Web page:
Do courts manage cases “to secure the just, speedy, and inexpensive determination of every action?” (CRCP 1). They should. Here, Plaintiff sought information about thousands of gas wells and contracts, though it sued on far fewer. The trial court permitted broad discovery. In a wide-reaching opinion, the Court reversed and ordered all trial courts to actively manage discovery when objections to scope arise under CRCP 26(b). Those objections should be explicitly addressed in the context of the cost-benefit, proportionality, and other “good cause” factors in CRC 26(b)(2)(F). The Court would not distinguish between discovery of “claims and defenses” and “subject matter,” though the concurrence would have. The Court also reiterated that the attorney-client privilege applies to a Title Opinion if it is a confidential communication made in the course of obtaining advice.
Tag Archives: Oil & Gas
DCP Midstream, LP, v. Anadarko Petroleum Corp.; Kerr-McGee Oil & Gas Onshore LP; and Kerr-McGee Gathering LLC, 2013 CO 36 (June 24, 2013)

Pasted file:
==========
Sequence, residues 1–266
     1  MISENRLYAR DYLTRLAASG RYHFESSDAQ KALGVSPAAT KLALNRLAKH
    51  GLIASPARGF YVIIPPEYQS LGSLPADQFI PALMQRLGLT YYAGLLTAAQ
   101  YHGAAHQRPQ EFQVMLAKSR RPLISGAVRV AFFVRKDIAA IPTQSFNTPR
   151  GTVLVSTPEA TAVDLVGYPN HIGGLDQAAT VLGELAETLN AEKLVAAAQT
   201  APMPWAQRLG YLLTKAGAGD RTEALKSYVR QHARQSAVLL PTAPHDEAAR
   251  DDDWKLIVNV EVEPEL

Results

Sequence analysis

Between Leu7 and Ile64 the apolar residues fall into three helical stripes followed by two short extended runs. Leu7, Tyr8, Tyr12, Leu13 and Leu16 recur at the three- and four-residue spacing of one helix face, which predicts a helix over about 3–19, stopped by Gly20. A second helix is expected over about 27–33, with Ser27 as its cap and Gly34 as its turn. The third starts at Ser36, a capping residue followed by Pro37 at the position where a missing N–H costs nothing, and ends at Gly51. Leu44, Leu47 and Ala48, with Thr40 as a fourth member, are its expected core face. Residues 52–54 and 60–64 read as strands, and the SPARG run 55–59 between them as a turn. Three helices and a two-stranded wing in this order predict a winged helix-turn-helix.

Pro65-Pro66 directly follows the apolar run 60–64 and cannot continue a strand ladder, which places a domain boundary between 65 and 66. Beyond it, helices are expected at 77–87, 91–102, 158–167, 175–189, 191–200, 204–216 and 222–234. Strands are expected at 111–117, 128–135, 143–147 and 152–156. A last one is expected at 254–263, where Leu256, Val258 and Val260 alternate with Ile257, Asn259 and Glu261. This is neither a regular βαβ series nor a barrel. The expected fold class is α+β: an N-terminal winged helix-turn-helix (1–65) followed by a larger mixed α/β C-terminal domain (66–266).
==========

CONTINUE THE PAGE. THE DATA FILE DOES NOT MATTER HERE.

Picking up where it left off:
Private pipeline companies can condemn property through the governmental power of eminent domain to construct pipelines across private property. That authority was delegated to private pipeline companies in 1907. A divided Court in this case held that companies with pipelines conveying petroleum were not given that power. This case narrowly construes the statute that confers condemnation power to pipeline companies. Descriptions of “pipeline companies” are specifically enumerated in the statute and refer to electrical infrastructure, not oil. Other statutes specifically address substances that may be conveyed by companies with condemnation authority. Here, finding that “pipeline company” refers to the conveyance of any substance through a pipeline would render other specific statutes superfluous. No express or implied authority means no power to condemn.